5 Easy Ways to Bring Books to Life

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Written by Susan Williams of Education Possible.

Books offer children a unique way to learn about the world around them. They can share details of events from the past, offer a glimpse into the future, and introduce fictional worlds that seem very real. Families can use books as a springboard for learning about history, geography, art, science, and more.

Discussions and hands-on activities help kids understand and process the information they read. We have discovered many ways to make books, and the information they contain, more interesting and relatable for our students.

5 Easy Ways to Bring Books to Life

Here are some of our favorite ways to bring books to life for children of all ages.

Make a Map

It is important to identify the setting of a story. The setting is where the story takes place. This may be a real place in the past or present, or an imaginary land. By creating a map, students can track activity throughout the story and understand the environment in which the action takes place. Basic maps can be drawn or made from simple materials like food or salt dough.

When we read Island of the Blue Dolphin our students used clay and cardboard to make a map of the island. During a reading of Around the World in 80 Days my children printed an outline world map and then marked the cities Fogg visited, noting the type of transportation used and the number of days it took to travel between each city.

Take a Field Trip

Another way to relate to the setting of a story is to take a field trip. Although you may not be able to travel to the exact location where the story takes place, your family may be able to find a place that represents the setting of the book. A field trip can also help you better understand a specific aspect of the story.

While reading the Secret Garden we visited a large botanical garden and also a small community garden to learn more about plants. The one time we were able to visit the location of a book was when our book club read the Kingdom Keeper series, and we visited Walt Disney World to go on our own quests.

Create a Costume

A fun way to “get to know” the main characters of a book is to learn about the type of clothes they wear. Children can think about how the clothes worn by the characters in the story are the same or different that what they might wear. Some of these differences could be based on where the character lived, the type of job they had, the era in which they lived, etc. It’s easy to use clothes, fabrics, and other materials around the house to make costumes and dress-up like a character in a book.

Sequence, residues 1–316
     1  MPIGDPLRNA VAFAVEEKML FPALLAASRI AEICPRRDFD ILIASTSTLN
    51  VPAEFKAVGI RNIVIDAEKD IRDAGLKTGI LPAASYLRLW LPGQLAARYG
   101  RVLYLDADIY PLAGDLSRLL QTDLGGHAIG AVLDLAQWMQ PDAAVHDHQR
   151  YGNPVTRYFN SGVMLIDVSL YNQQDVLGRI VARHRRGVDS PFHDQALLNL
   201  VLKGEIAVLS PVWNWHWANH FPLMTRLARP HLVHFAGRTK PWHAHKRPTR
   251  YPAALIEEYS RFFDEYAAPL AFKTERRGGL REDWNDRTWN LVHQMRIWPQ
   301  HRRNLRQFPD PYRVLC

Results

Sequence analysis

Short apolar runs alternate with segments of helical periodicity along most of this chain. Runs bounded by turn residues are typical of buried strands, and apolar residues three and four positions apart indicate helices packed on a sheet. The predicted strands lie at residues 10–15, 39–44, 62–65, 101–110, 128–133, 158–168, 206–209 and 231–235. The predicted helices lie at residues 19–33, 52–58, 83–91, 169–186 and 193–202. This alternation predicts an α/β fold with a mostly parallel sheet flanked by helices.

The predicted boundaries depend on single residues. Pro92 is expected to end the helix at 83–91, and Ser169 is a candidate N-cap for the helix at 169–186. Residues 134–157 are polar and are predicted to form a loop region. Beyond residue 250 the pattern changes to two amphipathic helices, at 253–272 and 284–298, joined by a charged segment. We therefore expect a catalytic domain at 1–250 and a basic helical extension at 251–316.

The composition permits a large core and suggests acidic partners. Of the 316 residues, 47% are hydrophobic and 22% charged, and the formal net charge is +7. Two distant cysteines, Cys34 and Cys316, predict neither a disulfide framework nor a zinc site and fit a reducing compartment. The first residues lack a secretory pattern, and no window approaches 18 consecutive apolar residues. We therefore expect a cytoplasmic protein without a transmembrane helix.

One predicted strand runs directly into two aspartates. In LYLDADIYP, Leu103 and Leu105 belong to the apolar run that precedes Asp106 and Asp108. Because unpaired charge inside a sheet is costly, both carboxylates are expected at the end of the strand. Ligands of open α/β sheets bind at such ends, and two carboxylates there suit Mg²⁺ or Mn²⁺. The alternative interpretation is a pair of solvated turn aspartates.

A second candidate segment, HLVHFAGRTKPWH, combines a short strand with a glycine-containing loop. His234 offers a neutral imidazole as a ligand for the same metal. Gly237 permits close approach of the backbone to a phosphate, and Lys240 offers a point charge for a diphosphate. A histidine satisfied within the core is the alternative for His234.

For a while, my kids were interested in medieval history, so they read many stories about kings and knights. We made plenty of swords and shields to reenact the battles they read about. Your kids can even get creative and make costumes based on descriptions of fictional characters like our friends did when reading Charlie and the Chocolate Factory.

5 Easy Ways to Bring Books to Life

Prepare a Meal or Special Dish

Food is one of our favorite ways to learn about any subject! If your book is about a particular region of the world, you can search for recipes unique to that area and make them at home. This is an excellent way to learn about spices, foods, or cooking techniques that are popular in a specific location. Food can also be a useful learning tool when studying history. Recipes and ingredients often change over time so preparing foods from a different time period can be a lot of fun.

Like many middle school students, our children read the The Red Badge of Courage. We spent an afternoon making hard tack, Johnny cakes, and bean soup based on Civil War era recipes. When we read The Indian in the Cupboard our book club found recipes for dishes such as baked pudding and Three Sisters Stew.

A Tea Party based on a book

Host an Event or Celebration

After you make a few dishes and costumes based on your book, why not host an event for your family and friends to really bring the book to life?

Two of our favorite book related events have included a proper English tea party when our book club read Mary Poppins and a wacky birthday celebration with friends based on the adventures of Alice in Wonderland.

We hope your family will enjoy diving into a new book and exploring it in more detail with these fun activities!

What are some of your family’s favorite ways to bring books to life?

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This article was written by a Weird, Unsocialized Homeschoolers guest author. See the author's full bio in the body of the post.

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  1. My kids love to act out what we read about. It’s not something we schedule into the day, but something they naturally do. Right now I’m reading a book about the Mayflower to them. Afterwards, they played in the yard for hours pretending to be pilgrims. They were the same way with Little House in the Big Woods. Everyday they’d be pretending to churn butter, milk cows, make head cheese (gross!), etc.

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